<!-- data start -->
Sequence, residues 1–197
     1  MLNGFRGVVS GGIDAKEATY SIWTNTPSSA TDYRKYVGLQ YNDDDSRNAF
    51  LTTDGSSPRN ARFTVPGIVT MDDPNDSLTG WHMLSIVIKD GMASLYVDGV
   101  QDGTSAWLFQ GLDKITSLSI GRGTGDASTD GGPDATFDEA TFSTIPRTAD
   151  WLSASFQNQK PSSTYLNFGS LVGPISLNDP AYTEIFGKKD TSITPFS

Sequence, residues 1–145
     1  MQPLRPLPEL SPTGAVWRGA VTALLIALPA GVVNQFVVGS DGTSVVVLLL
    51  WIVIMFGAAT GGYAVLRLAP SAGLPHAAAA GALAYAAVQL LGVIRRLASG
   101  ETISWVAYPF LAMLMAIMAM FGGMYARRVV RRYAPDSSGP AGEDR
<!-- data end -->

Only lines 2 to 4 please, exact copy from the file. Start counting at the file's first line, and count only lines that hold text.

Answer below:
     1  MLNGFRGVVS GGIDAKEATY SIWTNTPSSA TDYRKYVGLQ YNDDDSRNAF
    51  LTTDGSSPRN ARFTVPGIVT MDDPNDSLTG WHMLSIVIKD GMASLYVDGV
   101  QDGTSAWLFQ GLDKITSLSI GRGTGDASTD GGPDATFDEA TFSTIPRTAD